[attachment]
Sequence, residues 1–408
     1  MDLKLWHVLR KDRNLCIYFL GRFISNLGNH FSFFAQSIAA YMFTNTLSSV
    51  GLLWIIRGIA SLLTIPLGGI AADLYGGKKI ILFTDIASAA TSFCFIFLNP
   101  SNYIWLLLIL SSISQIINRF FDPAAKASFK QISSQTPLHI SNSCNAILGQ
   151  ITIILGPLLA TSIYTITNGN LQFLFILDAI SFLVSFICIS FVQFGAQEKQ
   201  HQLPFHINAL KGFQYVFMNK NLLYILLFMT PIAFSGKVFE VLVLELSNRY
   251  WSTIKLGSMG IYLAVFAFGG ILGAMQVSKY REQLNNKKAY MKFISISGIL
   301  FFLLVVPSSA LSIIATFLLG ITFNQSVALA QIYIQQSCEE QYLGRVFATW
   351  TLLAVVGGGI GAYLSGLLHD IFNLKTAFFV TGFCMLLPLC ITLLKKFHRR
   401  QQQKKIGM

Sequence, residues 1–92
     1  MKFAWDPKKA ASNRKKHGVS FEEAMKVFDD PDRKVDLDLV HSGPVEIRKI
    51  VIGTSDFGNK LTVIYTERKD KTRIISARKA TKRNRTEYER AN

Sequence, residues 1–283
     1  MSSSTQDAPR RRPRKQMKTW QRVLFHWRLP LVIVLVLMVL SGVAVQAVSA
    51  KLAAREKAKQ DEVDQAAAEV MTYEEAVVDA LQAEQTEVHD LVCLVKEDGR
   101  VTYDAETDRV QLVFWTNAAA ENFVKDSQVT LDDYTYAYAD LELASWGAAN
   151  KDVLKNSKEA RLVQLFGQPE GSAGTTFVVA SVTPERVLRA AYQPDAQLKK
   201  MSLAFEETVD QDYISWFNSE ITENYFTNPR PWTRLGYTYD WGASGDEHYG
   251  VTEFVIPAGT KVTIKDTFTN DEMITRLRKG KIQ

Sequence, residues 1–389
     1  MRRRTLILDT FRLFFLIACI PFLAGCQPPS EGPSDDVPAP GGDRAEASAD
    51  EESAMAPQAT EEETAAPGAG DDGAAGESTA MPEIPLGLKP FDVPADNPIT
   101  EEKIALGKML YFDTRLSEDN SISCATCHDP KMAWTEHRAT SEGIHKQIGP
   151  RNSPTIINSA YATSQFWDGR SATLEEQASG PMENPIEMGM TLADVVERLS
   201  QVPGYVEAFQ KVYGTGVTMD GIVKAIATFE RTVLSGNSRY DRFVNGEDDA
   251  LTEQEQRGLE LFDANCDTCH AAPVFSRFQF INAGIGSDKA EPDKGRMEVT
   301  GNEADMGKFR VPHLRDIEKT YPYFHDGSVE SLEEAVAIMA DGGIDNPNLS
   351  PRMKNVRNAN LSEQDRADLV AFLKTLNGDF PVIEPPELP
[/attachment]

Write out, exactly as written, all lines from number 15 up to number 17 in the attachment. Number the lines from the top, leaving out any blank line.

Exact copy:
     1  MSSSTQDAPR RRPRKQMKTW QRVLFHWRLP LVIVLVLMVL SGVAVQAVSA
    51  KLAAREKAKQ DEVDQAAAEV MTYEEAVVDA LQAEQTEVHD LVCLVKEDGR
   101  VTYDAETDRV QLVFWTNAAA ENFVKDSQVT LDDYTYAYAD LELASWGAAN